TOKYO, Jan 15 — Asian stocks rose today, supported by a bounce in Chinese shares amid hopes for government stimulus, while sterling braced for the vote in parliament over the British government’s plan to exit the European Union.
The odds look stacked against Prime Minister Theresa May winning approval for her deal. Voting is expected to start about 1900 GMT today.
Spreadbetters expected European stocks to follow Asia’s lead and open higher, with Britain’s FTSE seen gaining 0.55 per cent, Germany’s DAX 0.7 per cent and France’s CAC 0.6 per cent.
MSCI’s broadest index of Asia-Pacific shares outside Japan recovered from early losses and advanced 1.3 per cent. South Korea’s Kospi hit a one-month high and Japan’s Nikkei added 1 per cent.
In China, the CSI300 index of Shanghai and Shenzhen shares was up 1.7 per cent amid expectations of more government policy measures to prop-up a slowing economy.
China’s state planner said today it will aim to achieve “a good start” in the first quarter for the economy in a signal of more growth-boosting steps.
State television also quoted Chinese Premier Li Keqiang as saying the government is seeking to establish conditions helpful to meeting this year’s economic goals.
That came after data yesterday showed China’s exports unexpectedly fell the most in two years in December, while imports also contracted sharply.
Cyclical shares led the gains in Asia-Pacific, with Australian financial shares at their highest since early December while Japanese electronics and machinery makers shares rose to their best levels in six weeks.
“It is interesting that cyclicals are leading the gains today. It appears some contrarian investors are starting to buy cyclicals, looking beyond the last economic slowdown,” said Nobuhiko Kuramochi, chief strategist at Mizuho Securities.
“But I would suspect there will be heavy selling if we go up further, to around 2,650 in the S&P500 and 21,500 in the Nikkei,” Kuramochi added.
S&P500 e-mini futures gained 0.6 per cent in Asian trade.
In yesterday’s session on Wall Street, the S&P 500 lost 0.53 per cent, with the biggest drag coming from a 0.9 per cent fall in technology sector.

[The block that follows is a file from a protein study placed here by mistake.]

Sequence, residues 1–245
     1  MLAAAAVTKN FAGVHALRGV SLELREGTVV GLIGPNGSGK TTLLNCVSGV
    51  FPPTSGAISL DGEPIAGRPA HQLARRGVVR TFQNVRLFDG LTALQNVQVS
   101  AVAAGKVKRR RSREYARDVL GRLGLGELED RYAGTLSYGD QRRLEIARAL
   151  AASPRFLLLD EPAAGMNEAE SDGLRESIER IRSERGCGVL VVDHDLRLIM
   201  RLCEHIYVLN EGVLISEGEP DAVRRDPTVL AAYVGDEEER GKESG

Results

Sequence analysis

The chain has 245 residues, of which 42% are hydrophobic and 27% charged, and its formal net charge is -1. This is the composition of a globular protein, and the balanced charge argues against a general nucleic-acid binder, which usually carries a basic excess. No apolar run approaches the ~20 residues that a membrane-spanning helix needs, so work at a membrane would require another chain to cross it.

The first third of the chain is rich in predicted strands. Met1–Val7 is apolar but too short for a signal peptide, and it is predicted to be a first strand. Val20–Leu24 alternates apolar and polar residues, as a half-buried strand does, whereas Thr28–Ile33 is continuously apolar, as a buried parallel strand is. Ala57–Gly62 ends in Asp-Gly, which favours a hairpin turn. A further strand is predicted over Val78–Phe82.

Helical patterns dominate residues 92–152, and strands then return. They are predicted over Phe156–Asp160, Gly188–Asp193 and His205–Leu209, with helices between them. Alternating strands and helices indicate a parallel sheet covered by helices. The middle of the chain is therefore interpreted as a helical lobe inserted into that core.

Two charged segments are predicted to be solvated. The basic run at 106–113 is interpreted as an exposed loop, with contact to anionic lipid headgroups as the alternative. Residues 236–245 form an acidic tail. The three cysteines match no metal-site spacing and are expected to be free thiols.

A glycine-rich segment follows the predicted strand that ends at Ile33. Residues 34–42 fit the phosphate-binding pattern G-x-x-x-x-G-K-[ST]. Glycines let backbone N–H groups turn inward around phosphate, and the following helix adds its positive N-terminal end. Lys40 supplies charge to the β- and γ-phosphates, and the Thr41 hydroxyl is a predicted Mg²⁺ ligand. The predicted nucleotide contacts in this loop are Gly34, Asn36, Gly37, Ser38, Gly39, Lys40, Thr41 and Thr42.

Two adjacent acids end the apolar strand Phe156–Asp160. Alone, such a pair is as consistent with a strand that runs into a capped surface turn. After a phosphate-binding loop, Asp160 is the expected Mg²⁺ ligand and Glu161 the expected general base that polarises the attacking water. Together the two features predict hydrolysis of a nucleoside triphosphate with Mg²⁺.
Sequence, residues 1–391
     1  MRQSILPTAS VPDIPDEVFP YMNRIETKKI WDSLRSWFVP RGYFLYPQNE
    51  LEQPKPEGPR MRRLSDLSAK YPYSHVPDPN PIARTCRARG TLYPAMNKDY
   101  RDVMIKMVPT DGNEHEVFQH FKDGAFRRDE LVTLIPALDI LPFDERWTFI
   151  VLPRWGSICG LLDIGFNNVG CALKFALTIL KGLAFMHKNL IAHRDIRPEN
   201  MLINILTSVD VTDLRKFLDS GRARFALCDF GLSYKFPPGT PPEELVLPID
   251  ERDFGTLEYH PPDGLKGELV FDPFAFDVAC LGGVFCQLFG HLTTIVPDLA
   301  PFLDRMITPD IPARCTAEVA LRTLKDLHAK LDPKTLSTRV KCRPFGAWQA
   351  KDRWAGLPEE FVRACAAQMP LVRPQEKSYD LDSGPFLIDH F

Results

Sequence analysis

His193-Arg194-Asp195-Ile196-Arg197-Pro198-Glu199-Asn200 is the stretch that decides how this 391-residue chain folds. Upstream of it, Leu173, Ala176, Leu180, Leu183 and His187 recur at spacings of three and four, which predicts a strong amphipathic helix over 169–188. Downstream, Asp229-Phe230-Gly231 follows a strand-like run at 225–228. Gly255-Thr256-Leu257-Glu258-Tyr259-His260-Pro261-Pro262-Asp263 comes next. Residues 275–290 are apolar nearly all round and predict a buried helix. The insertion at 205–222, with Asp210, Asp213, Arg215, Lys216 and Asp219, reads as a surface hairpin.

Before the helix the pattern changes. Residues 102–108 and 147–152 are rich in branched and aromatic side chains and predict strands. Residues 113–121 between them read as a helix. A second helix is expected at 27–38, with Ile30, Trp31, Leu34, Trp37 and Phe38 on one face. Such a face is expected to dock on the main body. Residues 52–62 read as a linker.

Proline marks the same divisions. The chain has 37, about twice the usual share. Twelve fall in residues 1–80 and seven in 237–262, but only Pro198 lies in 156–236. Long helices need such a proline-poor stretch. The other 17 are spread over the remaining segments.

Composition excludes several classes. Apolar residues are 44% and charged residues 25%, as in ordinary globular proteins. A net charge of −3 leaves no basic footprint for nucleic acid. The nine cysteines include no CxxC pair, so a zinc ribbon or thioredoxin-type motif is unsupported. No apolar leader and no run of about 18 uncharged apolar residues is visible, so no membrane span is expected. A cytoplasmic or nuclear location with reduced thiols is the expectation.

US earnings season began on a positive note yesterday as Citigroup Inc beat profit estimates. The bank’s shares rose 4.0 per cent and bolstered the S&P financial sector, which rose 0.7 per cent.
The British pound was expected to steal the limelight later in the day as the Britain’s parliament votes on the proposed Brexit deal.
Yesterday, May urged lawmakers to take a “second look” at her deal, which lawmakers are expected to reject.
Such a result could produce a wide range of outcomes, from a disorderly exit from the union to a reversal of Brexit.
“Markets have priced in a rejection of May’s plan and there are many scenarios after that. Still I’d think the most likely outcome is to extend the (March 29) deadline of Brexit,” said Masahiro Ichikawa, senior strategist at Sumitomo Mitsui Asset Management.
Indeed, currency option markets are barely pricing in the chances of sharp moves in sterling.
The pound’s one-month implied volatility stood at 12.625 per cent, above the average for the past year of around 8.8 per cent well off 20-per-cent plus levels seen in the days just before the UK referendum on June 23, 2016.
The pound changed hands at US$1.2909, up 0.3 per cent, having hit a two-month high of US$1.2930 on yesterday after a report, subsequently denied, that a pro-Brexit faction of lawmakers could support May’s deal.
The euro inched up 0.1 per cent to US$1.1480, consolidating after hitting a 12-week high of US$1.1570 touched on Thursday.
The US dollar gained 0.5 per cent on the yen to 108.685.
Oil prices also rebounded on supply cuts by producer club Opec and Russia.
International Brent crude oil futures were at US$59.80 (RM244.68) per barrel, or 1.37 per cent from their last close.
US crude futures stood at US$51.22 per barrel, up 1.41 per cent. — Reuters
Source: The Malay Mail Online